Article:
Senior Member
    Dutch - Belgium
    The problem is that many "insights" that come from non-natives are on a ad hoc basis
    Is that true? Can this be verified? Can you prove this?

    Even if this is true, are there instances where the, according to you, incorrect answers, are not corrected by other participants in the threads?

    Aren't you just a little bit frustrated because one of your posts has been deleted?

    As a number of other forum participants have already pointed out, there is no requirement for a participant to back up his/her contributions with references to scientific sources. He could do that if he wants to or if he feels the need to do that, but you cannot just expect that he does it because you would like him to. If you don't want to trust him, then don't trust him. It's as simple as that.

    EDIT:

    By the way, there is nothing wrong in giving an answer that only applies to a specific sentence. In fact, that is actually what the forum rules require: the original poster should give a specific sentence and that is what the answer should focus on.
     
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    raymondaliasapollyon

    Senior Member
    Chinese
    Is that true? Can this be verified? Can you prove this?

    Even if this is true, are there instances where the, according to you, incorrect answers, are not corrected by other participants in the threads?

    I cannot post it here because to do so would result in my post (or thread) being deleted.
    But you could send me a private message asking for an example.

    As a number of other forum participants have already pointed out, there is no requirement for a participant to backup up his/her contributions with references to scientific sources. He could do that if he wants to or if he feels the need to do that, but you cannot just expect that he does it because you would like him to. If you don't want to trust him, then don't trust him. It's as simple as that.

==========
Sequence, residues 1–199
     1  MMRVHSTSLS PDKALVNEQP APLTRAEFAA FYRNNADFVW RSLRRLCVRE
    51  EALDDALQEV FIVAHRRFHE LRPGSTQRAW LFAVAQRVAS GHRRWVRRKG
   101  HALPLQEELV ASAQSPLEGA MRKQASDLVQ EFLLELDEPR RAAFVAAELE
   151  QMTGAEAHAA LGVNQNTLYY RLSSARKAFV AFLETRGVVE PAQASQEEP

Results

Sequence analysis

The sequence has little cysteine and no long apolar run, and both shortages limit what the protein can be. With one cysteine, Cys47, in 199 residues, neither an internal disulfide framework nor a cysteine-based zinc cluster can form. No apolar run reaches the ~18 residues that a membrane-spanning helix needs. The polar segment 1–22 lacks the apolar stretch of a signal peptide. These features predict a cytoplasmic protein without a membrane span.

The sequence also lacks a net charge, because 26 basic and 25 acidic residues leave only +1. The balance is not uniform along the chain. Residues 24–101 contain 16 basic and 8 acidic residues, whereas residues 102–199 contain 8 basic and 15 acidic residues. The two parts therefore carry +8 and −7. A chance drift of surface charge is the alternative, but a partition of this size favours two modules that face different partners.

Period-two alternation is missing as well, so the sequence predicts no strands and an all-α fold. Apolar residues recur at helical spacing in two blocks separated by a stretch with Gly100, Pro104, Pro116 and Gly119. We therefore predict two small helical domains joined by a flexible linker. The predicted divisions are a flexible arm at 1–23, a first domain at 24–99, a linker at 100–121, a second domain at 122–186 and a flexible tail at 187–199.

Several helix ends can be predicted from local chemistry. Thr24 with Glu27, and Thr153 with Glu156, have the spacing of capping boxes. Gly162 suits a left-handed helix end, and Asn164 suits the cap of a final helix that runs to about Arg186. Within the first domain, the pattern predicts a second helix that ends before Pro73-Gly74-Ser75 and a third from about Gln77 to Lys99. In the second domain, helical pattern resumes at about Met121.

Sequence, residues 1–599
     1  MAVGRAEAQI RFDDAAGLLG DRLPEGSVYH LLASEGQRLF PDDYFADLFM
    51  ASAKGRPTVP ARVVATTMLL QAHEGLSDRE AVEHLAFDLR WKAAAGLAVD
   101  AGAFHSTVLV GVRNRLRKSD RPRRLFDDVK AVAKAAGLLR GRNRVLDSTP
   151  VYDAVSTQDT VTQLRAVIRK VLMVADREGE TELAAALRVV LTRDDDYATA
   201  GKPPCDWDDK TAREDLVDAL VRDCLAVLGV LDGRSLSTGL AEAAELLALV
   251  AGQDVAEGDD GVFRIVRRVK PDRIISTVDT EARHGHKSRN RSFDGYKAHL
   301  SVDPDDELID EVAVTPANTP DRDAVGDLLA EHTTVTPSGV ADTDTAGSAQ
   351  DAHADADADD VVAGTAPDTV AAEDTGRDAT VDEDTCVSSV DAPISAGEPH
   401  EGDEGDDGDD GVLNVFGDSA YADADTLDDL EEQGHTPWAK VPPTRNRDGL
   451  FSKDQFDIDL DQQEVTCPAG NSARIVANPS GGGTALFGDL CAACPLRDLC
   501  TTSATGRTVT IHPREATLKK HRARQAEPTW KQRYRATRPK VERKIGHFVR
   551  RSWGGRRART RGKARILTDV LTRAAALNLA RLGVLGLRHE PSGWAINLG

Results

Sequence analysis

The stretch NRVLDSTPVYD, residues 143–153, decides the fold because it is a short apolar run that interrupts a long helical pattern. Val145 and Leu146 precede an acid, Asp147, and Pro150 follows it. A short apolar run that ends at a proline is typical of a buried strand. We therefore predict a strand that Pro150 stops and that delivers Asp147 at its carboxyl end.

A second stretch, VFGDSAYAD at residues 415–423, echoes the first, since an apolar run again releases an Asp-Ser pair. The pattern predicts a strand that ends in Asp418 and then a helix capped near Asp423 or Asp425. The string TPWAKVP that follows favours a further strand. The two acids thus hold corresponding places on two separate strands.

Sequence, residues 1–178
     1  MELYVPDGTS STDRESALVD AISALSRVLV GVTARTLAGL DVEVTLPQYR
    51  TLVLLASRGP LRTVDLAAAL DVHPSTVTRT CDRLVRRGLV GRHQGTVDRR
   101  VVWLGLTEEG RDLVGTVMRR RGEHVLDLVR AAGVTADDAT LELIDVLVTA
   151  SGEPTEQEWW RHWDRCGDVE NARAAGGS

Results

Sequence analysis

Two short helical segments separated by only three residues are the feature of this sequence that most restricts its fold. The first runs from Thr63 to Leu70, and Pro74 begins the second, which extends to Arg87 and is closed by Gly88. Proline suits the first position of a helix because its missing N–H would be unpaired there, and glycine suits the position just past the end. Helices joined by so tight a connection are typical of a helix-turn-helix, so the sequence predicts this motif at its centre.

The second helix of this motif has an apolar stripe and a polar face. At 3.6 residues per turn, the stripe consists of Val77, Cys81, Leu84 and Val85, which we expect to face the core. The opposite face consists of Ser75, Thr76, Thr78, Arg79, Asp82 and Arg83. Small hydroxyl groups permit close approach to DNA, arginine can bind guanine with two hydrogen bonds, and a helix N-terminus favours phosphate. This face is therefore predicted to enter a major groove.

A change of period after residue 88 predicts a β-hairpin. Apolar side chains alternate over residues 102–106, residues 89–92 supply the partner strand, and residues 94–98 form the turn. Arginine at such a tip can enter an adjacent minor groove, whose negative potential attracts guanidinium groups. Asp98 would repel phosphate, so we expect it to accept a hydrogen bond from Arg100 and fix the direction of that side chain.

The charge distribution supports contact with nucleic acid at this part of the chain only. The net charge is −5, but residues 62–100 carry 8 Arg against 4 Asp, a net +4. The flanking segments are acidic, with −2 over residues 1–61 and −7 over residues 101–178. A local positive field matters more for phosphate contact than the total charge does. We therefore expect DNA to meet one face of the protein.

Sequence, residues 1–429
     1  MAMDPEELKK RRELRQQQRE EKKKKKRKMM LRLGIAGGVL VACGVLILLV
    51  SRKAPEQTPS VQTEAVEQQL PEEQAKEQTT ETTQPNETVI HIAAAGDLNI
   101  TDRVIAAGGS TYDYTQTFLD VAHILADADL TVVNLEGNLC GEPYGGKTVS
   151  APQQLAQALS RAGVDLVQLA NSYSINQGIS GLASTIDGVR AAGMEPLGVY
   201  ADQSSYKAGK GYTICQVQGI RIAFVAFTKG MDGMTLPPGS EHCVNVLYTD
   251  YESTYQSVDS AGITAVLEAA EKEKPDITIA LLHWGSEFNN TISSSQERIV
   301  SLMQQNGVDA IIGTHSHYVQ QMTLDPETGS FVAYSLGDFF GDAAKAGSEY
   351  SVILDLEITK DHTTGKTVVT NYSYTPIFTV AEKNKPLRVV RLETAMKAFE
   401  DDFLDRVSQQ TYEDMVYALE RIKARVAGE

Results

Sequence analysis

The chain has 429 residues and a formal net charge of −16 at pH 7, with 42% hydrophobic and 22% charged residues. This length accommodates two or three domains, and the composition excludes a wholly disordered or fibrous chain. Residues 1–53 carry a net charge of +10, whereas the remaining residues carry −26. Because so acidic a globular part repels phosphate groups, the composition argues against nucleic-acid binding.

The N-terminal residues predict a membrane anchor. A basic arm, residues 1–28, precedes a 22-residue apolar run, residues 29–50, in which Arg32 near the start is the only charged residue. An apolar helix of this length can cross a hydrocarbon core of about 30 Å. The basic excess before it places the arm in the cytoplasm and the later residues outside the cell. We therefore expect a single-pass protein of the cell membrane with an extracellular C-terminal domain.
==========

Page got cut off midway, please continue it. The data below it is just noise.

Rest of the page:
That is exactly what makes the said forum rule vacuous. There's no way to enforce it. The said rule is more like a suggestion.

    By the way, there is nothing wrong in giving an answer that only applies to a specific sentence. In fact, that is actually what the forum rules require: the original poster should give a specific sentence and that is what the answer should focus on.

    There is something wrong with that, I'm afraid. The purpose of a grammar rule (or rules in other fields of study) is to be predictive and generative, i.e., allow an infinite number of similar sentences to be produced and understood. Failure to do that simply means the rule is questionable or useless.
     
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    Andygc

    Senior Member
    British English
    There is something wrong with that, I'm afraid.
    No, there is not. The purpose of these forums is explained by the FAQs and the rules of the various forums.
    The purpose of a grammar rule is to be predictive and generative,
    If that is what you believe - that grammar should be prescriptive and not descriptive - you are asking your questions in the wrong forum.
     

    raymondaliasapollyon

    Senior Member
    Chinese
    No, there is not. The purpose of these forums is explained by the FAQs and the rules of the various forums.

    What is wrong is NOT giving an explanation about a specific senence, but the belief that it's okay to provide no general account that applies to other sentences of the same structure.

    An ideal answer should be something like post #9 in the following thread. Uncle Jack not only explained the use of the simple past that a learner suspected was an error, but also offered an independent example, i.e., the dialogue between a detective and his/her assistant.

    If the first vampire came into existence

    If that is what you believe - that grammar should be prescriptive and not descriptive - you are asking your questions in the wrong forum.

    I suggest that you check your understanding of prescriptivism vs. descriptivism as well as whether terms like "predictive power" and "generative" are associated with prescriptivism or descriptivism.
     

    Andygc

    Senior Member
    British English
    These forums are provided by Mike Kellogg as an adjunct to dictionaries. Contributors contribute because they wish to be helpful. They are unpaid. The moderators exist for specified purposes. They too are unpaid. Members who ask questions pay nothing but get much free advice. If you don't like the way it works, go elsewhere.
     
    What is wrong is NOT giving an explanation about a specific senence, but the belief that it's okay to provide no general account that applies to other sentences of the same structure.
    That's NOT wrong, it's personal choice.
    Some people may be occasionally willing to spend some of their free time posting very detailed answers. They don't have to, they choose to.
    Some others prefer to give brief answers, assuming that whoever is really interested in that subject will follow it up.
    You can't demand and not even expect that those foreros who are kind enough to help you and answer your questions must then be under the obligation to provide a thorough grammar lecture on the subject so that you don't need to make any further personal effort.